For those who still see PR as rocket science here is a short list of things PR pros should do to be effective and what they should stop doing forever.
1. Don’t be an ignoramus – get to know your audience
Doing research before sending your pitch is necessary – otherwise you can make a terrible mistake that will not be forgotten. Make sure you know what the journalist writes about; it’s worth the effort.
Can people please stop sending me fur and leather press releases? We are a vegan magazine – do your research! #PRfail
— Sascha Camilli (@saschacamilli) June 15, 2016
"Well love your writing on Forbes and follow it every day" – apparently not since I haven't written there for a year! #prfail
— Ben Kepes 🏃 (@benkepes) April 28, 2016
Just because I'm in Amsterdam doesn't mean I'm interested in how you want to revolutionize advertising for cannabis #PRfail
— Eduard Kovacs (@EduardKovacs) May 26, 2016
2. Don’t send your pitch before double-checking it –it’s a must
Making typos can cost you time, money and give you bad publicity, and that’s definitely the opposite of what you’re trying to achieve.
— Dave Endsor (@dave_endsor) June 10, 2016
3. Make sure your pitch is newsworthy – don’t waste the time of others
Before hitting send, think again – is this really news? If not, don’t send it – it won’t get picked up.
No fewer than four press releases today which can be surmised as tech company appoints middle-aged white man to senior position #PRfail
— Edward Qualtrough (@QedwardRobert) May 9, 2016
4. Take your time and do the research
When the whole world was talking about Brexit, it seems that Ryanair didn’t get the message right. Do your research; make sure the facts you use are “true facts” – using the right facts will make you trustworthy, misinforming your audience will do the exact opposite.
— Laura M. Sutherland (@laurafromaura) June 24, 2016
5. Don’t be rude
Rejection may hurt but you should never be harsh to people you want to rely on. By being rude you’re shooting yourself in the foot – it causes more harm to you than to anyone else.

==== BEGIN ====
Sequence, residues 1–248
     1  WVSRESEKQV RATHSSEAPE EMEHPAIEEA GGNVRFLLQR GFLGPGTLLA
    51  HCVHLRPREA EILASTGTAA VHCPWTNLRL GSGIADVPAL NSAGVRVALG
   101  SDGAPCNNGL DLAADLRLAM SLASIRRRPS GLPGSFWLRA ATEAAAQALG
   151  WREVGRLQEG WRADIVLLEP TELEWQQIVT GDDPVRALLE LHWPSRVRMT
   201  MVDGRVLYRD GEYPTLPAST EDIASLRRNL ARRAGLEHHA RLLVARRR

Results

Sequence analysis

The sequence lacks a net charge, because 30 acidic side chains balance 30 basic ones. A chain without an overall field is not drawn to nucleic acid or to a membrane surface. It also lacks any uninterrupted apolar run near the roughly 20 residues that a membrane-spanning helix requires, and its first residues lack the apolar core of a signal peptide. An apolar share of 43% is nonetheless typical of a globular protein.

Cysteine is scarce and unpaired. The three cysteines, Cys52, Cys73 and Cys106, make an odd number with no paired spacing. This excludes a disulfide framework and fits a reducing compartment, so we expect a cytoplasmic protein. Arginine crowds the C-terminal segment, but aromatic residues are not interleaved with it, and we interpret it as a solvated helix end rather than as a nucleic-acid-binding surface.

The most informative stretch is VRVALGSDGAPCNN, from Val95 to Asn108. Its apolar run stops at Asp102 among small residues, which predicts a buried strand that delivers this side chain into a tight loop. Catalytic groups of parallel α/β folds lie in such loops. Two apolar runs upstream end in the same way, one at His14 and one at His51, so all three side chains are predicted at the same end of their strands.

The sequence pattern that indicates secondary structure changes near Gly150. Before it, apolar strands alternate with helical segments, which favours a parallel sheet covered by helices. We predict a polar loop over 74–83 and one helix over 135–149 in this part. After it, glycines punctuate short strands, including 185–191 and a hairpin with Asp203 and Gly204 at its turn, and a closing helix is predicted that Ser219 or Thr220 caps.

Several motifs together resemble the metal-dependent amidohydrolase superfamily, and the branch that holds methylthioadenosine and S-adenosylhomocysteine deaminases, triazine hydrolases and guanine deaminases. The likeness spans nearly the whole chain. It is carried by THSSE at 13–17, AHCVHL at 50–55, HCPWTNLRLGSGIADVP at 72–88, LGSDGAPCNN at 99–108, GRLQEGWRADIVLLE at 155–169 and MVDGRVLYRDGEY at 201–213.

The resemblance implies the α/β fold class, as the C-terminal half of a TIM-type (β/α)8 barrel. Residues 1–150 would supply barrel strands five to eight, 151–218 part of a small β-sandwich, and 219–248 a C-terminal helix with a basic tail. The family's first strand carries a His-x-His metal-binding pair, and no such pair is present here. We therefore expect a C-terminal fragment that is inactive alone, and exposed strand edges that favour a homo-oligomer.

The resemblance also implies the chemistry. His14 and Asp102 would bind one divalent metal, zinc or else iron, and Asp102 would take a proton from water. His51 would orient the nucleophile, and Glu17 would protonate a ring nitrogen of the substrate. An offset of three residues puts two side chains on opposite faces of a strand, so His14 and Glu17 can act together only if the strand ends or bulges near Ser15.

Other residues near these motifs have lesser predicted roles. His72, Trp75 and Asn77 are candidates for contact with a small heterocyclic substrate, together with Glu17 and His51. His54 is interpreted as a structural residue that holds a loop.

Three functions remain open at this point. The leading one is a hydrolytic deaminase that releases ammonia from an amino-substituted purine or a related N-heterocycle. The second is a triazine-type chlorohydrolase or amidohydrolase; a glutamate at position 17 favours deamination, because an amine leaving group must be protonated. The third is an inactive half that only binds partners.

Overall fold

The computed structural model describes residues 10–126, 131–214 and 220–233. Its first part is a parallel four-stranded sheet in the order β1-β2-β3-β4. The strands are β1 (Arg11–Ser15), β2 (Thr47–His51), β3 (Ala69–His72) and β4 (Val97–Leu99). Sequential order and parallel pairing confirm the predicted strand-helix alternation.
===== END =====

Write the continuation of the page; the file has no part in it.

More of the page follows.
When you politely decline a PR's event invitation and you get in return 'you were never meant to be invited. My mistake. Sorry.' #PRfail
— Bianca Wessel (@LittleScandi) April 26, 2016
6. Be relevant – don’t send outdated pitches
If you don’t manage to send your release on time, don’t do it at all. There’s only one time your news is relevant and it’s now.
C'mon, nat'l ag pr people! Just rcvd the second news release in two days about events that happened in April. Check your calendar. #prfail
— Susan Crowell (@scrowell) June 2, 2016
7. Don’t use caps-lock
People don’t like it and if you hope to catch somebody’s attention that way, I assure you – you won’t.
Dear PR people: If your subject line is in ALL CAPS there is a 100% chance I won't read the pitch. That's up from a normal 94% chance.
— Daniel P. Finney (@newsmanone) May 30, 2016
8. Don’t use automated mailing systems (or learn how to do it right)
There’s nothing worst then getting a message that pretends to be personal but it’s clearly not. If you use one of those tools, send the first email to yourself to make sure everything works fine – or just stop using it at all.
— Lylah M. Alphonse (@WriteEditRepeat) June 14, 2016
Another classic PR email gem: "Dear <<First Name>>" #prfail
— Mark Scott (@markscott82) June 21, 2016
9. Don’t lie
Journalists will most likely remember whether they spoke to you or not. Don’t lie, it doesn’t pay.
Msg from PR I've never heard of, about an event I know nothing about: "Dear Nikhil… As discussed…" Discussed with whom exactly?! #PRfail
— Nikhil Kumar (@nkreports) May 17, 2016
10. Don’t be intrusive
No is a no. Don’t try to persuade someone that your text was good although it wasn’t. Learn from it and do your job better next time.
If you call me 56 times in one day, I probably won't want to cover your biz news #PRfail
— Meg Dalton (@megdalts) May 4, 2016
Implementing this list will not make you a PR pro in one day but will definitely save you a lot of stress and unnecessary fails. In the end, PR specialists are only people and it’s good to be able to learn from their mistakes.